FCC Says Some ‘Disruption’ Will Occur With DTV Transition3 Jun, 2009 By: Chris Tribbey
With the end of full-power analog broadcasting in America just days away, the head of the Federal Communications Commission June 3 said there will be “disruption” June 12 when all TV stations are required to broadcast digitally.
Meanwhile, the Wall Street Journal reported that 35 of the roughly 1,800 TV stations in the nation will go dark that day, either because they can’t currently afford the technology required to broadcast digitally or because they are experiencing technical difficulties. An estimated 900 stations will switch to digital June 12, while the rest are already broadcasting digitally.
The National Telecommunications and Information Administration (NTIA) is running a federally funded $44 million grant program to assist low-power TV stations in the transition. The NTIA has also been overseeing a $40 consumer coupon program, helping consumers who don’t have a television with a digital tuner, or who rely on over-the-air broadcasts, buy a digital converter box.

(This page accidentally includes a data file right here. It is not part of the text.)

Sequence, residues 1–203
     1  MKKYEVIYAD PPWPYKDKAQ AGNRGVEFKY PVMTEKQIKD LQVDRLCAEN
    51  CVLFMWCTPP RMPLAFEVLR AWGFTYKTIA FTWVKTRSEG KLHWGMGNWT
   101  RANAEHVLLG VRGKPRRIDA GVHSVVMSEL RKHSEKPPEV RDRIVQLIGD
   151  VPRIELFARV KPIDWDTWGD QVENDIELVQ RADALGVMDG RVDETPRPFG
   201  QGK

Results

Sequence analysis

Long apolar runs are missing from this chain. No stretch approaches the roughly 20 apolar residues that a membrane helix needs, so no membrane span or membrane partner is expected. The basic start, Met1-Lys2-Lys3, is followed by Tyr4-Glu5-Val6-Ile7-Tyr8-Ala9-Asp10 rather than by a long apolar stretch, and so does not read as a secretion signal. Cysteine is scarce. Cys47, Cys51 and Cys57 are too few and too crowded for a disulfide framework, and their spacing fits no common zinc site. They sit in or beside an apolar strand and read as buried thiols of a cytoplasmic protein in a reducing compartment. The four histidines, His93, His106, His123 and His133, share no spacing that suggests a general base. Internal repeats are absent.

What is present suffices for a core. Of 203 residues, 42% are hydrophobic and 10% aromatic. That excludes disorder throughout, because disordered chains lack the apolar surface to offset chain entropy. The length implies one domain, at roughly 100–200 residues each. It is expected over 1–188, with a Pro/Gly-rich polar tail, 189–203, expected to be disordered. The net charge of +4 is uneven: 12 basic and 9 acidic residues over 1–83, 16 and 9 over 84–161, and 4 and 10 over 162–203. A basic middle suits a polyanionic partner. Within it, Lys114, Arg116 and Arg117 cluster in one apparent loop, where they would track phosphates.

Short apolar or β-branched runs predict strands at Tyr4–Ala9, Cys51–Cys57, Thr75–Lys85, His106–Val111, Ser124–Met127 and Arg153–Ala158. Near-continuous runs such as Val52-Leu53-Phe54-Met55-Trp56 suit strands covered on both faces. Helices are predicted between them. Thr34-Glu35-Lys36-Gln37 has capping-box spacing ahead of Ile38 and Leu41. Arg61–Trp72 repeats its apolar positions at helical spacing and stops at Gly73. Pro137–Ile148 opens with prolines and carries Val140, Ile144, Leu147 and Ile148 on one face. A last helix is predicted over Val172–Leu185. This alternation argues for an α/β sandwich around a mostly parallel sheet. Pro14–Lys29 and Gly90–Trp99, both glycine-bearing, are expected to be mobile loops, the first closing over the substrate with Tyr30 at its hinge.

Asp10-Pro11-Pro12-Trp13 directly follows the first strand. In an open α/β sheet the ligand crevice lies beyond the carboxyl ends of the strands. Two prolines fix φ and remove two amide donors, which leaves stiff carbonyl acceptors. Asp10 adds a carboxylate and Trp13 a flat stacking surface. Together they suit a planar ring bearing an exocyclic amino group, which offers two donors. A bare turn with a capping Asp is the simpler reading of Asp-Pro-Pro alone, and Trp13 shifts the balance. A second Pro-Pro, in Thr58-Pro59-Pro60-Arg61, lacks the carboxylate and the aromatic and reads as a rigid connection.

“Time is running out. Americans who rely on free television who aren’t prepared for the transition should apply for a coupon today if they need help purchasing a converter box, so they can continue receiving the television programming they count on,” said U.S. Secretary of Commerce Gary Locke.
Acting FCC Chairman Michael Copps said the digital transition will create some problems but not nearly as many as the government would have encountered if the transition had happened in February. President Obama on Feb. 11 signed a bill that delayed the transition to June 12.
“Had we flipped the switch then, we would have faced a consumer debacle that would have made New Coke look like a stroke of marketing genius,” he said. “There was no way we could accomplish in four short months what should have been done over the past four years.”
Nielsen data as of June 2 estimates that 2.7%, or 3.1 million homes nationwide, are unprepared for the digital transition. The FCC is operating a call center, offering in-home assistance for more than 200,000 homes nationwide via the AmeriCorps National Civilian Community Corps and deploying 250 staffers to public events and digital TV clinics across the nation.
“We won’t have the perfect number of call center agents on duty or precisely the right number of boots on the ground in precisely the right places,” Copps said. “[But] in the end we will get through this.”